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Gold jumps on dollar dip as market awaits key US inflation data

October 11, 2022By Reuters

Oct 11 (Reuters) – Gold bounced off a one-week low on Tuesday, lifted by a softer dollar, while investors braced for a key US inflation report that is expected to influence the Federal Reserve’s monetary policy stance.

Spot gold rose 0.6% to USD 1,677.70 per ounce at 1418 EDT (1818 GMT), after rising about 1% earlier in the session. US gold futuresĀ settled 0.6% higher at USD 1,686.00.

The dollar was down about 0.3% against its rivals, making greenback-priced bullion slightly less expensive for overseas buyers.

Benchmark US 10-year Treasury yields gave up gains from earlier in the day, helping demand for zero-yield bullion.

However, “a lot of the day-to-day price action is pretty much noise at this point,” as the market is still very much waiting to see how the inflation data and Fed minutes play out heading into the next Fed meeting, said Ryan McKay, commodity strategist at TD Securities.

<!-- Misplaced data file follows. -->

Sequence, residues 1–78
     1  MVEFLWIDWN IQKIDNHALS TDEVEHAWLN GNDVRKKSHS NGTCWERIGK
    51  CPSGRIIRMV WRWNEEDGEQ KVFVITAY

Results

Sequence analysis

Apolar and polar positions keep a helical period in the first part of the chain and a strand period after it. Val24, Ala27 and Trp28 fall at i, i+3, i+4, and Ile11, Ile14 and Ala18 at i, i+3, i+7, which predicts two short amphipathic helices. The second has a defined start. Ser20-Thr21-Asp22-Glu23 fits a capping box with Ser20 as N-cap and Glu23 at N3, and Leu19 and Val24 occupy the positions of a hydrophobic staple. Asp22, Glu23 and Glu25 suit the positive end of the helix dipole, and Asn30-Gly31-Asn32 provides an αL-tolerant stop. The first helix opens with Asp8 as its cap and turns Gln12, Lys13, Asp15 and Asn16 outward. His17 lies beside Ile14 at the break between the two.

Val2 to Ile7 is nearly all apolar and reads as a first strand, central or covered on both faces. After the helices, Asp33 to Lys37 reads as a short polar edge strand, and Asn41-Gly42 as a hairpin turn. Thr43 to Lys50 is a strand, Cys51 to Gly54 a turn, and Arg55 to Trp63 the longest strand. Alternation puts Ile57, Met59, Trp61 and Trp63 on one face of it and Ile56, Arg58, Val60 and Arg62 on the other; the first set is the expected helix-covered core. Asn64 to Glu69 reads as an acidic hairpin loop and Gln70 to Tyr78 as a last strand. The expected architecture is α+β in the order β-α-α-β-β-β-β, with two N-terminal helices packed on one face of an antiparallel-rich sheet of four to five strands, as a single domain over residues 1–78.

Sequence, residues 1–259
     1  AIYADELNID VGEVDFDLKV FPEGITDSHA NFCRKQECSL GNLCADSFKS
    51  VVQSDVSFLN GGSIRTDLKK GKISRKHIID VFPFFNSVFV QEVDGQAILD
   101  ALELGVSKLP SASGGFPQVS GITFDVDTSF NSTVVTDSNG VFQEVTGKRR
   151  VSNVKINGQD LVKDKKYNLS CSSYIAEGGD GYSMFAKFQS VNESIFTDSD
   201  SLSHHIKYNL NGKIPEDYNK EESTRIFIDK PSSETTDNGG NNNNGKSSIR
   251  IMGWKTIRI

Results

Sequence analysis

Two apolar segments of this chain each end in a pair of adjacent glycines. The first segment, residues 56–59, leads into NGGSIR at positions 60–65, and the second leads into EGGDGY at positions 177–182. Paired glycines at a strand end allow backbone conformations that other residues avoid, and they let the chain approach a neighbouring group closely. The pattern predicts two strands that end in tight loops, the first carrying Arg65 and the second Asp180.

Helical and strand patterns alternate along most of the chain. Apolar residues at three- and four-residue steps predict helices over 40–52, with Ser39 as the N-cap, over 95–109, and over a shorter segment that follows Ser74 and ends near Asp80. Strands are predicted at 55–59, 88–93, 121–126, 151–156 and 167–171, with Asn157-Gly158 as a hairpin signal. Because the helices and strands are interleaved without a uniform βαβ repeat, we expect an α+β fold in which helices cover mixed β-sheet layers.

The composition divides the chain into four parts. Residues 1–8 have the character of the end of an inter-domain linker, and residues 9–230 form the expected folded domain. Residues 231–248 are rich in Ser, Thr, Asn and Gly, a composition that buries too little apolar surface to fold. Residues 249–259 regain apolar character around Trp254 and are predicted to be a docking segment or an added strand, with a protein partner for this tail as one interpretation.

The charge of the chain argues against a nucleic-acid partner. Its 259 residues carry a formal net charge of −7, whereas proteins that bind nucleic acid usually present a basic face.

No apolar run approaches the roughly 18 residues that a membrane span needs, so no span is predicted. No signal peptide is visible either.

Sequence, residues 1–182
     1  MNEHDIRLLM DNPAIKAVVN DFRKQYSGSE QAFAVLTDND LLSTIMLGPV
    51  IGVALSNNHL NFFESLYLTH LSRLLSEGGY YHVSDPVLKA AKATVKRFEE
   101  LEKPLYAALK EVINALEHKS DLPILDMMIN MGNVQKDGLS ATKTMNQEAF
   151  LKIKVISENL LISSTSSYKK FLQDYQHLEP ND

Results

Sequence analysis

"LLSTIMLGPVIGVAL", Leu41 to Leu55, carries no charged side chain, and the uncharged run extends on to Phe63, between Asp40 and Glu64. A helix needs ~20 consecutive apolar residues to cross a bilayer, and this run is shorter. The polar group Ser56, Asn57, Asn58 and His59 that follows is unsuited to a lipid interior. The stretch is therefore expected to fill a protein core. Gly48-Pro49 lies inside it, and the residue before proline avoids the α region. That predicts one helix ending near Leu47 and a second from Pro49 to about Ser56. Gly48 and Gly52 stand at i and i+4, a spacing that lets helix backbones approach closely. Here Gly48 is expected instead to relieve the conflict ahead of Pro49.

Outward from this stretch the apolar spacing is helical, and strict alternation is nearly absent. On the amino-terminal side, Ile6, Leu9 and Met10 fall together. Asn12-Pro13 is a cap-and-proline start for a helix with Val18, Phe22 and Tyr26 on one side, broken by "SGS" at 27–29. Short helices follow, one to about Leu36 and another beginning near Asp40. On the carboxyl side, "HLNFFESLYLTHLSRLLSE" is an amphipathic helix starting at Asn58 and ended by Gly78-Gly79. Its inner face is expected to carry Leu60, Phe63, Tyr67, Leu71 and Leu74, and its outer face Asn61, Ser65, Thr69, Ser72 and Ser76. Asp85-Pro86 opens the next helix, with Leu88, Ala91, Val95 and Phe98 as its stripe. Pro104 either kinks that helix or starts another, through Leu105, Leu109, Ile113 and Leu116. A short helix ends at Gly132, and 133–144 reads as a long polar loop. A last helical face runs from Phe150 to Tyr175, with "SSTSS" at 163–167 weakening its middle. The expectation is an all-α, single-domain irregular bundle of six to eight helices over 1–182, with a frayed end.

Thursday’s US inflation reading is expected to remain stubbornly high and cement the Fed’s hawkish rhetoric on monetary policy.

“Gold has actually held up quite strong against the rise in real interest rates, so, I think there is some catch up to the downside there,” McKay added.

Rising US interest rates increase the opportunity cost of holding gold, which bears no interest.

Looking ahead, “it’s hard to create a bullish case for gold”, considering peak inflation may be yet to come, with rate hikes likely to continue until such a scenario, said Craig Erlam, senior market analyst at OANDA.

Silver fell 1.2% to USD 19.42 per ounce, platinum firmed 0.2% to USD 900.35, and palladium dropped 1.1% to USD 2,148.08.

Citi analysts said in a note they were relatively bullish on palladium, citing resilient demand on increasing automotive chip supply availability, automotive supply chain re-stocking and rising Russian supply risks.

(Reporting by Bharat Govind Gautam and Brijesh Patel in Bengaluru; Editing by Maju Samuel and Shailesh Kuber)

 

This article originally appeared on reuters.com

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